The “slow start” of Beethoven’s Ninth at La Scala

The “slow start” of Beethoven’s Ninth at La Scala

Beethoven's Ninth, whose bicentennial is being celebrated this year, has only been performed at La Scala since 1897 (the first Italian performance was in 1878). Today it is the second most performed symphonic-choral piece at La Scala after Verdi's Messa da Requiem

Riccardo Chailly Orchestra e Coro Scala 649824BADG ph Brescia e Amisano

“April 18, 1878 is a date that artists will remember for a long time. It is a date that restores all the prestige held in the cult of musical art to Milan. […] The concert was announced for half past eight, but well before eight o'clock lavish crews, modest carriages, broughams, and pedestrians could barely keep from bumping into each other in the wide courtyard of the Conservatorio. The capacity of the hall was known [...]: it was known that a good half of them would be obliged to return home upset by virtue of the principle that a full glass can’t take another drop.” This is how the critic (who signed their name Hans.) in Corriere della Sera began their account of what happened the previous evening in Milan: the first Italian performance of Ludwig van Beethoven's Symphony No. 9 Op. 125, which arrived with an incredible delay of almost 54 years following its premiere in Vienna. The bicentennial will be celebrated on May 7, 2024. The choir has 160 members from the Choral Singing Society and the Choral Quartet Society, while the solo parts are entrusted to Ms. Invernizzi and Ms. Vaneri and Mrs. Aresi, Bertocchi and Taveggia.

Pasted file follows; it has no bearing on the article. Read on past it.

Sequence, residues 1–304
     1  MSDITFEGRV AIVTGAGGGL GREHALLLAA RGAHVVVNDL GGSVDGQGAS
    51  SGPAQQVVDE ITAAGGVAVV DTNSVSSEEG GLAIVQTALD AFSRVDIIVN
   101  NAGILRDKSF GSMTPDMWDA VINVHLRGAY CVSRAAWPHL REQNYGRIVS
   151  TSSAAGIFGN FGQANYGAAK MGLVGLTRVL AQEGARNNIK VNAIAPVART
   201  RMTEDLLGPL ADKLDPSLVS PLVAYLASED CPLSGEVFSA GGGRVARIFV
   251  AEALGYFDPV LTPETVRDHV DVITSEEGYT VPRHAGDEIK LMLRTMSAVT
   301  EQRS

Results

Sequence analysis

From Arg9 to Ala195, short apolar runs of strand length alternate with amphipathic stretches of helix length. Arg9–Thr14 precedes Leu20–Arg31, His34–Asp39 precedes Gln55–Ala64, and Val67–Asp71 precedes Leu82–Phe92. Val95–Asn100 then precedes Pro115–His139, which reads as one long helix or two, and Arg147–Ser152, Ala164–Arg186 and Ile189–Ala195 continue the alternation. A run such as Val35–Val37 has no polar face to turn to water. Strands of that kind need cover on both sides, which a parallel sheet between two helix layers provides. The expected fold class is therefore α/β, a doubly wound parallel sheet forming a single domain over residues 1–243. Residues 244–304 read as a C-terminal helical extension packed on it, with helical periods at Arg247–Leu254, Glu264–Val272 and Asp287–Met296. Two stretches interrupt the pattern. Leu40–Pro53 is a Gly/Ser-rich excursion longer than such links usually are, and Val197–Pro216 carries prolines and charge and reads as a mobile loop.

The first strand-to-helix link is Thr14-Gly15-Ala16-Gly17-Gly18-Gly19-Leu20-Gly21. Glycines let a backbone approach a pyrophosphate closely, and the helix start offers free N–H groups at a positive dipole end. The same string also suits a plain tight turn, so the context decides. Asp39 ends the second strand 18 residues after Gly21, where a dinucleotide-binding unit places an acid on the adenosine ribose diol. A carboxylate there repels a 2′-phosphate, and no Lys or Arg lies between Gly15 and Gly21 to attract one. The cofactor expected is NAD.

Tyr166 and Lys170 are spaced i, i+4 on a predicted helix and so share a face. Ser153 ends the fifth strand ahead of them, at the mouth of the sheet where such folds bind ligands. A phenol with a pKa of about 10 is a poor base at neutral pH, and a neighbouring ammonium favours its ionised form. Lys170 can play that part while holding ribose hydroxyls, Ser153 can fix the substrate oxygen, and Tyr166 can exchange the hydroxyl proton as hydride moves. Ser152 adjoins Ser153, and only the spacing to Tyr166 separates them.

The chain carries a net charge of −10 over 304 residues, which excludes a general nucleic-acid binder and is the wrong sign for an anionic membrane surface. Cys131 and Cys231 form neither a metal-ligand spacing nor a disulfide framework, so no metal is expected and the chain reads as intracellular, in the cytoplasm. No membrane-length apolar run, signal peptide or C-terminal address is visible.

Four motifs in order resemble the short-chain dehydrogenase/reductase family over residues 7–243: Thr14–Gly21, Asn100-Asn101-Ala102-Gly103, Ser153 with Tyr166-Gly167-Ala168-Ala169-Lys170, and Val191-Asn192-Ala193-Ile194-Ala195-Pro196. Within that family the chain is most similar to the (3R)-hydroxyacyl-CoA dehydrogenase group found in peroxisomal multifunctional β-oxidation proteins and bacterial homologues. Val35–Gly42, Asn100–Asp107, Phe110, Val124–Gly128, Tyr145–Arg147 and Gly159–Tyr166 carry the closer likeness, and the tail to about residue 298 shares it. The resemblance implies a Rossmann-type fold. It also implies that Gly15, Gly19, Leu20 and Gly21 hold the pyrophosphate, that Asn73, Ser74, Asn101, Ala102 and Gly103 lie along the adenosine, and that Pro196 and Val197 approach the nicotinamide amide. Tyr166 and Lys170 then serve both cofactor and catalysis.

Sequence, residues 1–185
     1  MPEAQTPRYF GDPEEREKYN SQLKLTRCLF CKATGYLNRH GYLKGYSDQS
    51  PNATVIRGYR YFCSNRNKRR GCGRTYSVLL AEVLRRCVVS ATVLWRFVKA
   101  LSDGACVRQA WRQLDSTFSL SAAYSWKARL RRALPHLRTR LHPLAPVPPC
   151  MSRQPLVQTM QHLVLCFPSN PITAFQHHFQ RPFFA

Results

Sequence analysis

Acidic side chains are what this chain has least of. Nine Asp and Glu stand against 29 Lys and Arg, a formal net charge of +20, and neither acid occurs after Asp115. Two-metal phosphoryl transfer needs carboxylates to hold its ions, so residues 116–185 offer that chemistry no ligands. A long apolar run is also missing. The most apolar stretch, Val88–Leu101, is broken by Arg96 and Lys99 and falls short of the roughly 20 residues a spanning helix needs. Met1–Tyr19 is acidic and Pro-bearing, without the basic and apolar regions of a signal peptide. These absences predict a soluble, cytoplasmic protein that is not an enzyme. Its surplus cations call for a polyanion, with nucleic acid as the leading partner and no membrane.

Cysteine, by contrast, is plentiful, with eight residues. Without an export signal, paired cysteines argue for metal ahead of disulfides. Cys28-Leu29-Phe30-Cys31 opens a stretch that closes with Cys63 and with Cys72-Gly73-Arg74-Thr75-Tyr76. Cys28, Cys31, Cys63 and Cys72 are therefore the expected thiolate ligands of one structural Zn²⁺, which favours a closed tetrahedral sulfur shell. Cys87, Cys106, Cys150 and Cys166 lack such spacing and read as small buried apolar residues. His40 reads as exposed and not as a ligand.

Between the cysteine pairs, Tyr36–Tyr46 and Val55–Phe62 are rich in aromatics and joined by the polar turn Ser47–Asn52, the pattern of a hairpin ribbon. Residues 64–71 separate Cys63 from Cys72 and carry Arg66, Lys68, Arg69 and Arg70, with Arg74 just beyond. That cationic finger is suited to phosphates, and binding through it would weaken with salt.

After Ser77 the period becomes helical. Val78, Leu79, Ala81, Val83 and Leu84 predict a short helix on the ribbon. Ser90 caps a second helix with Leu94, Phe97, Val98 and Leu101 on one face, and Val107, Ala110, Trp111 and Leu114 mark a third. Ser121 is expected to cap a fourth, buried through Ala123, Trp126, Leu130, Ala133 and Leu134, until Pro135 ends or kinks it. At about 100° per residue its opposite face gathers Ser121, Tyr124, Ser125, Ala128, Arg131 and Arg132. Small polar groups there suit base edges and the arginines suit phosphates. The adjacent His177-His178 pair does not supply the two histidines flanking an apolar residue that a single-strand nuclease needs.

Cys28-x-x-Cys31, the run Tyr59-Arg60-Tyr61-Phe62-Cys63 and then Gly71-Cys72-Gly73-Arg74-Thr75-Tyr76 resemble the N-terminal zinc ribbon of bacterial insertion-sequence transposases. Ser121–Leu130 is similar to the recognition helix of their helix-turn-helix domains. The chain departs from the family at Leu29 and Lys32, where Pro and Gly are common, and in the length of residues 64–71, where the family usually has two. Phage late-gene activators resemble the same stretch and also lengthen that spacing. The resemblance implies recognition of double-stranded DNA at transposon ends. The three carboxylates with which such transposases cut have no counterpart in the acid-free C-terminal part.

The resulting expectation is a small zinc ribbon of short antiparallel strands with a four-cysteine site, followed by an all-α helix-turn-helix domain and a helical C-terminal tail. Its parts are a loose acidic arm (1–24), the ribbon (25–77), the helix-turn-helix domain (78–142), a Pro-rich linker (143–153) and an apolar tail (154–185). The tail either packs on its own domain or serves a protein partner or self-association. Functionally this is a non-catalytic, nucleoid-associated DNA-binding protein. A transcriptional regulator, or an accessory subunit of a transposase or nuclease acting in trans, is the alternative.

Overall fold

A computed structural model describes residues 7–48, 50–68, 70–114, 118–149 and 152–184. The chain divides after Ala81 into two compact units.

On the podium was Veronese Franco Faccio, a conductor who was dear to Giuseppe Verdi for his operatic interpretations at La Scala but who did not win the great composer's full favour for his efforts to promote symphonic music, so much so that when La Scala did its first tour abroad, which Fraccio strongly desired to do with a series of symphonic concerts at the Trocadéro in Paris in 1878, he asked Verdi for advice on the scheduled program and received no response. An eloquent silence. In fact, the composer was very sceptical about the operation promoted by Faccio. He believed that instrumental music was "a fish out of water" in Italy, an art to be left to the Germans who had different means and "something different inside as well." Verdi would later pleasantly reconsider following the enthusiastic artistic results of the Paris performances, but he would still not change his thinking on symphonic music, so much so that when in 1879 Faccio offered him the honorary presidency of the nascent Società Orchestrale della Scala (made up of the members of the Orchestra della Scala, enlarged to 120 parts, a sort of Philharmonic ante litteram), he cordially declined the proposal in a letter written from Genoa on April 4, 1879, in which he argued that "it is all right to educate the public in the great Art, but it seems to me that the art of Palestrina and Marcello is also a great Art [...] and it is ours."